IIMI, the boutique asset management think tank, has today published a paper calling for the development of a new UK fund structure that could rival UCITS and AIFs, while decentralising fund management in the country and encouraging regional growth. The full paper, entitled “Decentralising Fund Management: Encouraging Regional Growth”, can be found here.
As the UK government works towards economic recovery and seeks to “level up” prosperity and opportunity across the country, IIMI is advocating the development of a fund structure that, if successful, could generate an upsurge of new roles in the UK funds industry. IIMI believes a bespoke UK fund structure could facilitate the onshoring of more asset servicing roles that have traditionally been based in Ireland and Luxembourg, many of which do not necessarily need to be carried out in London. Owing to the rental cost savings of locating an office outside of the capital, and the abundance of talent available at a lower cost, a number of leading fund administrators already have thriving offices across several regional UK cities, including Birmingham, Bournemouth, Belfast, Glasgow and Liverpool.
IIMI asserts that a widening of the asset management industry’s UK footprint provides the opportunity for wealth to become more evenly distributed from affluent regional cities to nearby towns, which are among the country’s most depressed areas. The government could potentially incentivise financial institutions to invest in infrastructure and education in especially deprived parts of the UK to help promote long-term economic regeneration.
In order to gain traction, NCI proposes that UK retail and institutional investors currently invested in UCITS be given the opportunity to convert their holdings into the new UK fund structure. To facilitate this, managers should make switching as easy as possible. For example, early stage converters could be given fee discounts in the new fund vehicle. Furthermore, IIMI believes strategic tax incentives, such as exempting non-UK investors from paying UK tax on investments, could stimulate foreign investment in UK asset management firms, which in turn could further promote employment in the wider financial services industry, particularly outside of London.
IIMI notes that the new structure would need to incorporate the investor protections presently enshrined under the UCITS and AIFMD regimes, and cites a number of potential improvements, including the tightening of the prescriptive liquidity arrangements mandated under UCITS, in light of last year’s Woodford episode. IIMI believes that such a fund structure would ultimately provide both retail and institutional investors with more choice and encourage competition.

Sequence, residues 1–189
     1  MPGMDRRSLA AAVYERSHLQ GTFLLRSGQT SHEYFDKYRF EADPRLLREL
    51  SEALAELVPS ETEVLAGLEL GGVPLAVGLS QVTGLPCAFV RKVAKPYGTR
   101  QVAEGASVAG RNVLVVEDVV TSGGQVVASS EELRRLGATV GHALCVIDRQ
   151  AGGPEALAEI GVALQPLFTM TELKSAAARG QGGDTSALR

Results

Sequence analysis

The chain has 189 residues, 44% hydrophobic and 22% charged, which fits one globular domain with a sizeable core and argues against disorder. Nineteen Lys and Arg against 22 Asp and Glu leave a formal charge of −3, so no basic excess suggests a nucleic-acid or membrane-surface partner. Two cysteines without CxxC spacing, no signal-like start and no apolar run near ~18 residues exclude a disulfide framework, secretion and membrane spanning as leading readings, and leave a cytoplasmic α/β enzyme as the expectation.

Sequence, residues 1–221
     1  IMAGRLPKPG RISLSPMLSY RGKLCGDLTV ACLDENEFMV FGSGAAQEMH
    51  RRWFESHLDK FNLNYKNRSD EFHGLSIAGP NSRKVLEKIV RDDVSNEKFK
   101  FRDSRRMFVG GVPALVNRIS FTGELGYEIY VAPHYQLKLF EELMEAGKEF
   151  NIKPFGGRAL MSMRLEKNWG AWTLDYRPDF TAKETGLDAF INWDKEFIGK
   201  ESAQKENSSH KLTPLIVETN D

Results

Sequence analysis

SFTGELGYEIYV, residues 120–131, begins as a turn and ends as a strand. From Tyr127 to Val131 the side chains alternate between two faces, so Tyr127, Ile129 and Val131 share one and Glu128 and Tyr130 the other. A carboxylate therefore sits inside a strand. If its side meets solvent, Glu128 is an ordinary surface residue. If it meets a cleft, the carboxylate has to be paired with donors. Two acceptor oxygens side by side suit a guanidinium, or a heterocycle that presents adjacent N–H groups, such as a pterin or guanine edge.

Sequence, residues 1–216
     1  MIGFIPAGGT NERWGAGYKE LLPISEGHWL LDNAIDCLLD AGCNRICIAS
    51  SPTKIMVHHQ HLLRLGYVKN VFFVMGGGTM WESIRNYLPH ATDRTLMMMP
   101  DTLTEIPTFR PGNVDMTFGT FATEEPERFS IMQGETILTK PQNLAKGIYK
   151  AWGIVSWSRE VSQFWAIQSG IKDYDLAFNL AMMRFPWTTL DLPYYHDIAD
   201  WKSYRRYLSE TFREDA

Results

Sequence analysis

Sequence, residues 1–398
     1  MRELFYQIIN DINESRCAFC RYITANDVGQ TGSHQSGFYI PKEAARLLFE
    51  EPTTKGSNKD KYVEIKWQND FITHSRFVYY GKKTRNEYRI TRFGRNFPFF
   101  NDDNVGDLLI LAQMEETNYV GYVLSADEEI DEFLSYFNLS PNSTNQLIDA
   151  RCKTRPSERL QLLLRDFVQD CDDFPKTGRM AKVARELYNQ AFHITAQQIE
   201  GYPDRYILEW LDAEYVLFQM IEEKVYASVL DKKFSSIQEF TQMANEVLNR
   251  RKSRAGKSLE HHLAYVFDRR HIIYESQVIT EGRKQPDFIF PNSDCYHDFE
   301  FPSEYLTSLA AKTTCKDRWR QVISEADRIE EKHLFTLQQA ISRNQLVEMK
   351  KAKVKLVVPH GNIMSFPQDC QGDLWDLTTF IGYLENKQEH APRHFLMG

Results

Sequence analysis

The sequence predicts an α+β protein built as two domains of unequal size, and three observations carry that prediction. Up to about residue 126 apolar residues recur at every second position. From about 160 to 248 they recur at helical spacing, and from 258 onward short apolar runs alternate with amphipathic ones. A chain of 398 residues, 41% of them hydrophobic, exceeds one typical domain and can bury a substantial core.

Summary of NCI’s proposals
- In order to stimulate asset management and asset servicing jobs following Brexit, the UK should create its own fund brand. This is something which IIMI is willing to engage with the government on.
- If this fund structure is successful, it could spark further growth in UK asset servicing and asset management roles. The government should encourage these businesses to launch outside of London.
- Similarly, incentives – potentially tax benefits – should be given to financial institutions to invest in infrastructure and education in especially deprived parts of the UK. This could help promote long-term economic regeneration.
- IIMI is willing to facilitate conversations between the industry and regional economic bodies to help support the funds’ industry development outside of London.
“IIMI believes that the roll-out of an effective domestic UK fund structure could materially strengthen the financial services industry, particularly outside of London. By encouraging the asset management industry to widen its geographical footprint within the UK, it could result in a more even distribution of wealth across the country, supporting the Northern Powerhouse and the Midlands Engine, and enabling local economies to flourish. Some of the biggest names in global finance already have a sizable UK regional presence but we believe there is still a huge amount of room for growth. As we face both fresh and familiar challenges, from the COVID-19 economic shock to Brexit, we believe the time for this new generation fund structure is now, and we’re ready to engage with government and industry to realise this vision.”Nick Mottram, Chairman of IIMI